- The Slacker: Though, in some instances (like "Death Punchies" or "Caffeinated Concert Tickets") he's shown to have all the ambition necessary to achieve his goal.
- Temporarily a Villain: Depending on the Writer. He had done some villainous deeds which are not acceptable.
- Took a Level in Jerkass:
- In "Do Me a Solid", he uses the solids to humiliate Mordecai, up to forcing him into doing something disgusting on video.
- Rigby is a total jerkass in "Wall Buddy", for the sole reason that Mordecai doesn't help him tidy up their room. This is in stark contrast to his behavior in most previous episodes, and many find it hilarious.
- Took a Level in Kindness: Towards Eileen. At first he was a jerk to her, but as the series goes on he's warmed up to her and now seems to legitimately care about her. As revealed in "Eileen Flat Screen", he offers to take her new flatscreen to her home, and even plans to set it up and order pizza as a surprise. He also reveals he waters her plants for her when she's out of town, and that they do things like go to Renaissance fairs together.
- Too Dumb to Live: Once tried to eat a huge omelette to earn a free hat, despite being deathly allergic to eggs.
- "I thought if I ate really fast, maybe I wouldn't notice."
- Played for laughs at times. He also appears to have a knack for dousing life threatening fires with lighter fluid.
- Totally Radical: Like Mordecai, says "dude" and "man" a lot.
- Tsundere: Is heavily implied to be this, especially towards Eileen.
- Unsympathetic Comedy Protagonist: Most of the time. He's reckless, selfish and immature.
- Verbal Tic: Also prone to "Hmm"ing a lot.
- Vitriolic Best Buds: With Mordecai. Eventually he also befriends Benson and Muscle Man, despite not getting along well at first.
- Weirdness Magnet: Like Mordecai, Rigby has a knack for dealing with all sorts of unusual forces of nature.
Voiced by: Sam Marin
Debuted in: "Pilot"/Season 1, "The Power"
"Get back to work or YOU'RE FIRED!"
An anthropomorphic gumball machine, and Mordecai and Rigby's boss. Although he generally seems mildly annoyed, at the worst he can get really pissed if Mordecai and/or Rigby have messed something up.
- All Drummers Are Animals: Subverted in "150-Piece Kit" when the audience finds out that the man behind Hair to the Throne's famous drum solo was Benson.
- Animate Inanimate Object: He's a talking gumball machine.
- Anti-Hero: He's nice sometimes. Other times he can be a weapons grade prick.
- Anti-Villain: Treats Mordecai and Rigby like crap most of the time, but he's just doing his job.
- Ax-Crazy: His Hair-Trigger Temper is so extreme that he reaches many times a psychotic behavior.
- Badass: See Big Damn Heroes.
- Good examples of Benson's badassery are in World's Best Boss and Think Positive.
- Badass Armfold: His standard pose.
- Badass In Charge: He rules the park,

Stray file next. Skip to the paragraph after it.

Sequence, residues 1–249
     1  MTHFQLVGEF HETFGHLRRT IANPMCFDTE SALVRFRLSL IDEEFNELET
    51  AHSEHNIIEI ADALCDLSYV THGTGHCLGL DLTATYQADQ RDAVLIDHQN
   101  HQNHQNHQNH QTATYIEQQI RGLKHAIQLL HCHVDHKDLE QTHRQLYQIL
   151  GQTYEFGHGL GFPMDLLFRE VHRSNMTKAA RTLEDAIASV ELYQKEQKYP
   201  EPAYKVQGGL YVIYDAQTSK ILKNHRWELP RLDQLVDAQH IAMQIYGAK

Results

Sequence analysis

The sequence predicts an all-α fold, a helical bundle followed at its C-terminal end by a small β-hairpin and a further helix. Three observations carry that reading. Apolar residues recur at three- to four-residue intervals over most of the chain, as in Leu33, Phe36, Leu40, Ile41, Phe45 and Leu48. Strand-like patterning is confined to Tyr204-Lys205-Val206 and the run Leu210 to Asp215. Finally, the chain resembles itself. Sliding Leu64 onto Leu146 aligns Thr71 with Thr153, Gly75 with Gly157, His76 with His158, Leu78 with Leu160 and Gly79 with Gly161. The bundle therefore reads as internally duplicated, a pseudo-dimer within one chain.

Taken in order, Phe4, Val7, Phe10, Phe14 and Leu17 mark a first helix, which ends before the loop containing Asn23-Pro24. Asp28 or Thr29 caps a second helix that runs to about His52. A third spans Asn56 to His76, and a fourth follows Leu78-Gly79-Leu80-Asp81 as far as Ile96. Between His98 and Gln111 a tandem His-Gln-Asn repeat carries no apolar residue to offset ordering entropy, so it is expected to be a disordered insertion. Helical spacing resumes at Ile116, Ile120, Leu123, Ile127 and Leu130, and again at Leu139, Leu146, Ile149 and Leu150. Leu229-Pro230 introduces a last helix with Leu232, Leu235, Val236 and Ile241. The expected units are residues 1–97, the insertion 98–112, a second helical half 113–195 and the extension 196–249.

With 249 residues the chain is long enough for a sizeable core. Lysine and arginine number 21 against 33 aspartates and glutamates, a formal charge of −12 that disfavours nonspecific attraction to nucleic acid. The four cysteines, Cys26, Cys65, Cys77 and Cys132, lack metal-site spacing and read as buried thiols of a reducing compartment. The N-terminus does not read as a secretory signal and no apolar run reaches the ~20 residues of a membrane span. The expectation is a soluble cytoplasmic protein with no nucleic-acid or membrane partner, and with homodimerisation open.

- Retired Badass: He was formerly an expert Death Stick Hockey player, and a rock band drummer who played what is considered the world's greatest drum solo.
- Took a Level in Badass: Though, he always was one, arguably in his Day in the Limelight episode "Benson Be Gone", especially when he takes a limo and tries to run down the One-Winged Angel version of Susan, dying in the process. Leon takes his place at the last minute, but still!
- Benson takes another level in badass in "Stick Hockey", where the game is apparently an underground bloodsport complete with rampant death, burning pits, and lots of spikes.
- Bald of Awesome: With a hat.
- Bad Boss / Mean Boss: Benson arguably skirts this line. He yells a lot and constantly threatens to fire his employees, but it is fairly clear that he runs a tight ship and his constant yelling is somewhat justified. Furthermore he claims that his aggressive attitude is him trying to hammer a sense of responsibility into Rigby and Mordecai.
- Eventually becomes a Deconstructed Trope in "Benson's Suit" where it is shown that constantly harping on Mordecai and Rigby may get results in the immediate moment but leaves them with a very low level of respect towards him from a long time of putting up with his temper.
- Benevolent Boss: Despite his meanness above, in a calm mood, Benson is ordinarily a nice guy who can show a softer side and reward his employees. He soon befriends all of his coworkers.
- He walks the talk - he'll genuinely praise his employees, Mordecai and Rigby included, when he feels they've done a good job. The ending of the episode "Grave Sights" is a good example of this.
- He's also fairly nice to Skips (who is hard-working) and Pops. He's also a bit strict with Muscle Man, but that's more because he's obnoxious (although he normally does his work).
- Beware the Nice Ones: He IS a nice person, but making him angry is one of the most ill-advised things you can do.
- Berserk Button:
- Getting prank calls, apparently.
- Whatever you do, DON'T THROW TRASH AT HIM.
- Starts shouting in Angrish and gives chase when Rigby says he's "all talk" in "A Bunch of Full Grown Geese".
- But the most obvious Berserk Button is when Mordecai and Rigby either slack off on their jobs, or when they cause a bunch of destruction due to their carelessness.
- Big Damn Heroes: In "Benson Be Gone" he returns to the park just in time to save it from Susan.